Transportation company Nikola Corp. and TC Energy Corp. said they will work to co-develop, build, operate, and own large-scale hydrogen production facilities in the U.S. and Canada.
The two said they are working to identify and develop projects to establish an infrastructure able to deliver low-cost and low-carbon hydrogen at scale. The two also are working to accelerate the adoption of heavy-duty zero-emission fuel cell electric vehicles (FCEVs) and hydrogen across industrial sectors by establishing hubs in key locations.
One goal of the collaboration is to set up hubs producing 150 tonnes or more of hydrogen per day near highly traveled truck corridors to serve Phoenix-based Nikola’s planned need for hydrogen to fuel its Class 8 FCEVs within the next five years.
Calgary-based TC Energy has pipeline, storage, and power assets that can be leveraged to lower the cost and increase the speed of delivery of these hydrogen production hubs. The company may explore integrating midstream assets to enable hydrogen distribution and storage via pipeline. Assets also could be used to deliver CO2 to permanent sequestration sites to decarbonize the hydrogen production process.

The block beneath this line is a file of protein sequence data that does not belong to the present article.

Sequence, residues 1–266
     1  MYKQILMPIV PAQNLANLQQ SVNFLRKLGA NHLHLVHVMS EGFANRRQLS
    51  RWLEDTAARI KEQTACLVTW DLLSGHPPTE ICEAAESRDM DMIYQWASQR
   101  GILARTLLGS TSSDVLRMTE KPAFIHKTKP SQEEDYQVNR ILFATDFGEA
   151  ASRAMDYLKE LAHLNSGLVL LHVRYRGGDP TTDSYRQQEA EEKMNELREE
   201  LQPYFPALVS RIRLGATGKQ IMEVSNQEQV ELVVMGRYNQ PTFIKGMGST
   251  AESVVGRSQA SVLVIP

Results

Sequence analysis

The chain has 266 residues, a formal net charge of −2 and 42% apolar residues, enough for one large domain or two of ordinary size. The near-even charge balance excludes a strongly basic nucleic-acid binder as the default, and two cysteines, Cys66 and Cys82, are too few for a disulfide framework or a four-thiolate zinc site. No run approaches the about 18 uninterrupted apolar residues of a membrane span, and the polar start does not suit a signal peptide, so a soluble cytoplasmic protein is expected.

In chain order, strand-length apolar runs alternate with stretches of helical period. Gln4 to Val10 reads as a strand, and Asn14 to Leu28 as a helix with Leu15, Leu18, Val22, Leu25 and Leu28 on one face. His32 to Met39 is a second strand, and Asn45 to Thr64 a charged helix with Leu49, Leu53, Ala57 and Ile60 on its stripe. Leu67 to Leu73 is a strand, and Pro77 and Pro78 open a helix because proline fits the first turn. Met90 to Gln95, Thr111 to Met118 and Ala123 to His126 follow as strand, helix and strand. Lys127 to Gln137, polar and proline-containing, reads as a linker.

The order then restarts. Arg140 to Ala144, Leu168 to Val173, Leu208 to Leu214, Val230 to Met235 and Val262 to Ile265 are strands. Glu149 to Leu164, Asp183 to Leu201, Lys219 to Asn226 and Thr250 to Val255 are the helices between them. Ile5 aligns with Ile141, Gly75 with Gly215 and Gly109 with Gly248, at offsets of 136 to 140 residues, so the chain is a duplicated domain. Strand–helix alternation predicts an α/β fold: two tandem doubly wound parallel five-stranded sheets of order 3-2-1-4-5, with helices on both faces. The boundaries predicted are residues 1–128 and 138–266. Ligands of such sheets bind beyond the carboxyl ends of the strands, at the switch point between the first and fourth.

In March, a report said that a lack of policies around adoption incentives, charging infrastructure, and electricity pricing was preventing the widespread electrification of commercial trucking fleets. Researchers from the U.S. Department of Energy’s Lawrence Berkeley National Laboratory and the University of California, Los Angeles made the case for prioritizing public policy to help move long-haul trucking from diesel to electric.
The study analyzed the total cost of ownership of an electric long-haul truck compared to a diesel long-haul truck. It said that at the current global average battery pack price of $135/kWh, a Class 8 electric truck with 375-mile range and operated 300 miles per day offers about 13% lower total cost of ownership per mile, a three-year payback, and net present savings of about $200,000 over a 15-year lifetime.
The report said these modeled results were achieved with a 3% reduction in payload capacity. It said this penalty could be reversed through light-weighting, or reducing the truck’s overall weight.
The report estimated that the average distance traveled between 30-minute driver breaks is 150 miles and 190 miles for regional-haul and long-haul trucks, respectively. It said that 30% of charging using 500 kW or megawatt-scale fast-chargers would add sufficient range without impairing operations and economics of freight movement.
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